Most banks have a great vision of what they’d like to achieve in terms of digital risk management, but achieving this goal can appear daunting.
New Year, new you! That’s the seasonal promise of every January gym advert. Many of us set ourselves personal goals at this time of year - I can’t be the only one planning to work a bit harder on my fitness after the Christmas break.
What’s true for me is also true for our banking institutions. As I wrote in November, banks find themselves struggling with an unhealthy combination of customer expectations, investor demands, technological disruption and growing regulation.
So as they start the New Year, many bank boards are planning to turn over a new leaf and build the lean, muscular organisation they’ve always dreamed about. In the risk management arena, this often means setting a goal of achieving a complete digital risk transformation.
Most banks have a great vision of what they’d like to achieve in terms of digital risk management, but achieving this goal can appear daunting. Practical obstacles in areas such as data quality, analytic capabilities, innovation and change management are often significant. This means that while banks may be able to adapt their existing approach, most feel unable to execute the sort of transformation that’s required to achieve their vision.
The good news is that banks can ‘eat the elephant one bite a time’. Achieving a digital risk management transformation typically requires taking a number of key steps. These are likely to include setting a clear risk strategy, developing analytic tools, nurturing innovative talent and partnering with suppliers – or even rivals. And in my experience, effective data governance is often the best place to start.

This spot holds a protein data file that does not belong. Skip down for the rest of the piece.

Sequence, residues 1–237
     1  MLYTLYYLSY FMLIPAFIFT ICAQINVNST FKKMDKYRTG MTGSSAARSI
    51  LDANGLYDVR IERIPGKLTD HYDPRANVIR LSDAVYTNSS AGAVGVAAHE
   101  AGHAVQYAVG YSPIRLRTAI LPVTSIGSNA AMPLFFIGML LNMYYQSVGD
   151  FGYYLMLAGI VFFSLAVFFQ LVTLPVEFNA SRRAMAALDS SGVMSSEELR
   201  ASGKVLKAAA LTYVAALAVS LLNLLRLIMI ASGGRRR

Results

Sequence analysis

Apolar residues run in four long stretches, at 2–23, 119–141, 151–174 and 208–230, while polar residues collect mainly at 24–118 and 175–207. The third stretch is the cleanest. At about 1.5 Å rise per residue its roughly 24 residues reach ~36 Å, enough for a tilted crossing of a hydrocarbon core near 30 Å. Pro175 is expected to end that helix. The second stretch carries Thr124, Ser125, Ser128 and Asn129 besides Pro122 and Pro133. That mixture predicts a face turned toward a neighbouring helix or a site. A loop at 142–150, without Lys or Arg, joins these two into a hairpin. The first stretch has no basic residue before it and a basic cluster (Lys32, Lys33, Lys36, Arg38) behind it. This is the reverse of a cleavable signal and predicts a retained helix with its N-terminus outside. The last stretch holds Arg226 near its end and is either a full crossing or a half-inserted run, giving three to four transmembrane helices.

There are several reasons why data governance is a good starting point. The most obvious is that good data is a pre-requisite for good risk management, especially if banks are to harness the growing power of data analytics. Like most businesses, banks suffer from fragmented and unreliable in-house data. It’s essential to iron out inconsistencies in the quality and accessibility of existing data before supplementing it with alternative data from external providers.
In my view, the key to good data quality is to view data as an asset, and manage it accordingly. Which data items are valuable and which are not? That can be a difficult question to answer. Some data is vital for compliance; some for analysis; and some may not be needed at all. Furthermore, this assessment may change at every stage of the client lifecycle.
Another reason to view to data as an asset is to make sure it doesn’t become a liability. The arrival of MiFID II and the approach of GDPR are a compelling reminder that datasets and data models can not only create value, but also create risks. With this in mind, we are starting to see some banks set themselves data risk appetites for the first time.
To be clear, effective data governance is only one step towards transforming digital risk management. But, as with any New Year resolution, that crucial first step is often the most important! Getting started and achieving some quick wins can boost confidence, skills and experience. Just as importantly, it can help to change culture and put the remaining challenges into perspective.